BankID: Norway’s Digital ID System Explained

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Issued by all banks, Norway's BankID is a secure digital ID and digital signature used by millions. Here's what you need to know about how it works.

As more and more admin tasks in Norwegian life move online, there is an obvious need for secure identification and signature solutions. While there are several players, BankID leads the field.

Digital identification in Norway image

As the name suggests, the system is used for logging into online banking. But these days it has far more uses.

What is BankID?

You can use BankID for anything from confirming a mobile payment or paying online with your debit card to signing official documentation.

In person, proving your ID generally involves showing a passport, national ID card or driving licence. To sign documents, it's generally done with a signature or perhaps even a fingerprint. But in the digital world, you can use BankID for both.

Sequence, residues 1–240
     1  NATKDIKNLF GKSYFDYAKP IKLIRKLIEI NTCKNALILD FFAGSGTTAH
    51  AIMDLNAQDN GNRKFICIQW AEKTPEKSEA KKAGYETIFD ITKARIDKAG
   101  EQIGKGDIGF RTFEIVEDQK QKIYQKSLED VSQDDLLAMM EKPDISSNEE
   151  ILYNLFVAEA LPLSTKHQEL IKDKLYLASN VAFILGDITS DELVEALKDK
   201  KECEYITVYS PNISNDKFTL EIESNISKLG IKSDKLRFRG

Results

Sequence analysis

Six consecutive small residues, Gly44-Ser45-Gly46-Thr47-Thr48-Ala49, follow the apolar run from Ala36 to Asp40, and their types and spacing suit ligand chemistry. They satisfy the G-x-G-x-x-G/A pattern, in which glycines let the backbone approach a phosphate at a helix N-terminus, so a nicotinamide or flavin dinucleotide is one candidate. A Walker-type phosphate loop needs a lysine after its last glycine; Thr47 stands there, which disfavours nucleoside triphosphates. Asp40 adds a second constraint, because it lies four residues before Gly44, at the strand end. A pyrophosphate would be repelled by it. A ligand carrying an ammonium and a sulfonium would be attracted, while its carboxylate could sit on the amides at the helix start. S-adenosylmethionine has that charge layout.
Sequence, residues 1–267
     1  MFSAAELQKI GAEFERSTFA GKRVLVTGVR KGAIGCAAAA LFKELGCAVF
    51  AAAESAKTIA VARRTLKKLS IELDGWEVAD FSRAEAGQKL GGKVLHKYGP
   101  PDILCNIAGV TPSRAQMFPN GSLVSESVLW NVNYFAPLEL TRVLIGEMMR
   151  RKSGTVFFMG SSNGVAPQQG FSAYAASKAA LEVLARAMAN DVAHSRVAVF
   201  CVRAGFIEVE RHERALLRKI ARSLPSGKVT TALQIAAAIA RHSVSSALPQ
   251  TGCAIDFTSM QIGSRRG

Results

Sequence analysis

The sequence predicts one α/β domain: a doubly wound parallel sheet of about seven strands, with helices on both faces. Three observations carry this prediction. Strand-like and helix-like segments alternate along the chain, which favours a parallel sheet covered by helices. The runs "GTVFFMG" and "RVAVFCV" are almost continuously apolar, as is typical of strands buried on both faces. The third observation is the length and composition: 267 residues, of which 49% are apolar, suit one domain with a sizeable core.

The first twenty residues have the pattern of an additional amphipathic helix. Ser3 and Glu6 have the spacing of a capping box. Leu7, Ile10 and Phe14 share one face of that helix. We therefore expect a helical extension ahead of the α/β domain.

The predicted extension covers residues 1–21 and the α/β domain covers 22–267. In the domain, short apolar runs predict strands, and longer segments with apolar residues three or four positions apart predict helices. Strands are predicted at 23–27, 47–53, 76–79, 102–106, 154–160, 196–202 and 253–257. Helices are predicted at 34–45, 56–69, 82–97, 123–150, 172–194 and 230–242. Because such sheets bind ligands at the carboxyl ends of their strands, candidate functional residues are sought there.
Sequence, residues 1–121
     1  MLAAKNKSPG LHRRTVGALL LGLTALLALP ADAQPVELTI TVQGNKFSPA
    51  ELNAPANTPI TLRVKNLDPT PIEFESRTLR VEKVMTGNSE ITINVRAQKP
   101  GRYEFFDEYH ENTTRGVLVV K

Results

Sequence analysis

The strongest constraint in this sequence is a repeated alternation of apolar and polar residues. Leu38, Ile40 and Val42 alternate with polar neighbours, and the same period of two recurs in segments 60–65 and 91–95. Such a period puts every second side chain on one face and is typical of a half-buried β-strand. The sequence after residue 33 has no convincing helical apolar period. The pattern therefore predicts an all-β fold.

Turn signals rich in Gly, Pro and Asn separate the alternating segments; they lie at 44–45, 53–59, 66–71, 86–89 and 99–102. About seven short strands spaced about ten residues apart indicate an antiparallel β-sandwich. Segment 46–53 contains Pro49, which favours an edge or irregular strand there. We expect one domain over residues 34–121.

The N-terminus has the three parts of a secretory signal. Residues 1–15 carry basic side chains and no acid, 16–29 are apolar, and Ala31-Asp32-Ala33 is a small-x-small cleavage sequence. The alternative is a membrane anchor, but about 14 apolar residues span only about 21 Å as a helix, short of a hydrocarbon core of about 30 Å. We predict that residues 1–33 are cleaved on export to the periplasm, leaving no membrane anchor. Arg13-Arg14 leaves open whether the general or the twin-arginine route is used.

In addition to logging on to banks and confirming online payments, BankID can be used to log on to many public services. NAV, Skatteetaten (Tax Administration) and Altinn are some examples.

A DNB atm in Norway. Photo: Franco Francisco Maria / Shutterstock.com.
All Norwegian banks can issue BankID to their customers. Photo: Franco Francisco Maria / Shutterstock.com.

How to get a BankID in Norway

Your bank will issue you a BankID. Ask about it when you open an account or check your online banking platform for information if you already have an account. All Norwegian banks issue BankID to people over the age of 18.

It's also possible for younger people to get one. Some banks issue BankID to people as young as 15, or 13 with parental consent.

How to use BankID

BankID comes in two flavours, a regular version and a mobile version. Many people only use the mobile version as it's so convenient. Previously, you needed the regular version before the mobile version could be activated, but now some banks let you just order the mobile version.

Using BankID: The regular version of BankID uses “one-time codes” to confirm identity. Typically, these one-time codes are generated via a physical “code brick” that allows you to generate a one-time code as and when needed.

An old code brick from Sparebank1. Photo: SiljeAO / Shutterstock.com.
An old code brick from Sparebank1. Photo: SiljeAO / Shutterstock.com.

To use BankID in this format, you enter your national ID number (fødselnummer), followed by the one-time code from your device.